The utilization of 3D mouse-derived mammary organoid cultures have proven to provide a novel approach to study both normal mammary gland development over a life cycle while also being able to examine how malignancies initiate and progress. Pregnancy induces major changes to cellular output and epigenome that transforms the epithelium of the mammary gland into “milk-producing machines”. The induced epigenetic changes by pregnancy persist in the post-involution mammary epithelial cells and control gene reactivation in response to subsequent re-exposure to pregnancy hormones. With this, a system that tightly controls exposure to pregnancy hormones, activation of genes, and epigenetic changes would allow for increased knowledge of how such molecular changes occur. This work will describe the characterization of ex vivo cultures to mimic the response of mouse mammary-derived organoid cultures to pregnancy hormones and to understand gene regulation and epigenomic reprogramming during pregnancy hormone re-exposure. These findings allude to this system rendering similar epigenetic modifications that previous reports illustrated in an in vivo environment, therefore this model is suited to more closely observe epigenomic rearrangement and investigate unknown players in pregnancy-induced development and epigenetic memory.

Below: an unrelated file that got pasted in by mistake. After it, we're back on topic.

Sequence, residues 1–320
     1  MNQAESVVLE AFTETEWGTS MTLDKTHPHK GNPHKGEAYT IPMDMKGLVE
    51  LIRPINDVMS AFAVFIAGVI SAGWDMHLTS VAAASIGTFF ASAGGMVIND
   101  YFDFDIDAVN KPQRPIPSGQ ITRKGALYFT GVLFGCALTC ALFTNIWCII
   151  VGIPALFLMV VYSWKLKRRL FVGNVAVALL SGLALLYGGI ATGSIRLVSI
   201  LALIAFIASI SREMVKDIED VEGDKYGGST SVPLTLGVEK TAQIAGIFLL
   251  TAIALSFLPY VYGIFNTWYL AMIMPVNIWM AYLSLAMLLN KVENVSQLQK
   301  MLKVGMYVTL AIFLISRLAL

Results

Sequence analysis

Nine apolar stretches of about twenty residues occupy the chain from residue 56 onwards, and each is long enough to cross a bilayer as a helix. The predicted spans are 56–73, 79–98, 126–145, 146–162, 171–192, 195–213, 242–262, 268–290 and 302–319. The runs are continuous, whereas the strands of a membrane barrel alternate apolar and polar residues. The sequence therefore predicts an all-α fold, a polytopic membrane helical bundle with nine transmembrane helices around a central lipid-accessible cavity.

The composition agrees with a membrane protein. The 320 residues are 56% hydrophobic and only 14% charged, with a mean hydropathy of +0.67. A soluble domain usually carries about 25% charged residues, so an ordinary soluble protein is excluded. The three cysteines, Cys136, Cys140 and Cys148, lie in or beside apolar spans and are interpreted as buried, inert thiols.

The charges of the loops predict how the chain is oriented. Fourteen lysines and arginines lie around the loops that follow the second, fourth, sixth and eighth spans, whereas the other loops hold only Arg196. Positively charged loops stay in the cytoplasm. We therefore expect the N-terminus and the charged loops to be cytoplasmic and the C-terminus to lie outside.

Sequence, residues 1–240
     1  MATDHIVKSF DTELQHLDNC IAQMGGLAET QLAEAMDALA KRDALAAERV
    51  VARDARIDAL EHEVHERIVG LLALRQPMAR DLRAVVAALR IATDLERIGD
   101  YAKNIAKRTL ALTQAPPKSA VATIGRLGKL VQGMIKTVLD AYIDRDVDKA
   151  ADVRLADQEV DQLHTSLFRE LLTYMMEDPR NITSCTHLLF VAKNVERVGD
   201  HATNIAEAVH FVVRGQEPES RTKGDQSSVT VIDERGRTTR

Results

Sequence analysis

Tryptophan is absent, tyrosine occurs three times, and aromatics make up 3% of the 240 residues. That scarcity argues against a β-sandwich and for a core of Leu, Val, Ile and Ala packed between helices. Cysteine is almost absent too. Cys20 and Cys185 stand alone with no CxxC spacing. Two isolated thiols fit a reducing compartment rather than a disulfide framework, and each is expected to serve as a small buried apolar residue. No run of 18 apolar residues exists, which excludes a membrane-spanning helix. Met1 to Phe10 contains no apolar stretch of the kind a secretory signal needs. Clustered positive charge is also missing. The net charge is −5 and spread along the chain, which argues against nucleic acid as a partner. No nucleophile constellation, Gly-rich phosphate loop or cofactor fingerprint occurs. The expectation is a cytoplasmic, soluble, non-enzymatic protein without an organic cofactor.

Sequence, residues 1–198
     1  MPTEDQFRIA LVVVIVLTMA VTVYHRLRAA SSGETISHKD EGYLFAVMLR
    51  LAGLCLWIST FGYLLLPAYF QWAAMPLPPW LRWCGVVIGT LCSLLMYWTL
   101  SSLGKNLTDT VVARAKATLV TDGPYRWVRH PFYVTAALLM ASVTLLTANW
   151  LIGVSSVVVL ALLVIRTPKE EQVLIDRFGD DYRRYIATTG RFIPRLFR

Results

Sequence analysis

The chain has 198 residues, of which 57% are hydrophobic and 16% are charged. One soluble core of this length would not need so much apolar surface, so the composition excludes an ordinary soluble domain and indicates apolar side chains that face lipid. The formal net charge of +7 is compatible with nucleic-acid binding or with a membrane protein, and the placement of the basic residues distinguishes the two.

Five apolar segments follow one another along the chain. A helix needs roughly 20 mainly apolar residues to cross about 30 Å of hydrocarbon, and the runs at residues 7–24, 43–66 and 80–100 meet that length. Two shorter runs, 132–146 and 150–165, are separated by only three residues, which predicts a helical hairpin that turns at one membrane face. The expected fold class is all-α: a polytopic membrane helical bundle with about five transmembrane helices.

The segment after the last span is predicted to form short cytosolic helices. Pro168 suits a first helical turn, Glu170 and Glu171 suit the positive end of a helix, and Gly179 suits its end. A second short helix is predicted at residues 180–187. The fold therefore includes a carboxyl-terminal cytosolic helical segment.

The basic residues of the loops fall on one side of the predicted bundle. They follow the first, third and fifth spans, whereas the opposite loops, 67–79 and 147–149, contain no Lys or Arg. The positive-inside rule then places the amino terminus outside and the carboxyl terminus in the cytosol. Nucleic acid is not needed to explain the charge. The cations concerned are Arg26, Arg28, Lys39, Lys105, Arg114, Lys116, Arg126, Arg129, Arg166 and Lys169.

|Advisor:||dos Santos, Camila O.|
|Commitee:||Martin, Benjamin L.|
|School:||State University of New York at Stony Brook|
|Department:||Biochemistry and Cell Biology|
|School Location:||United States -- New York|
|Source:||MAI 82/8(E), Masters Abstracts International|
|Subjects:||Biology, Biochemistry, Genetics, Endocrinology|
|Keywords:||Organoid cultures, Pregnancy hormones , Epigenome output , Transcriptional output , Mammary epithelial cells|
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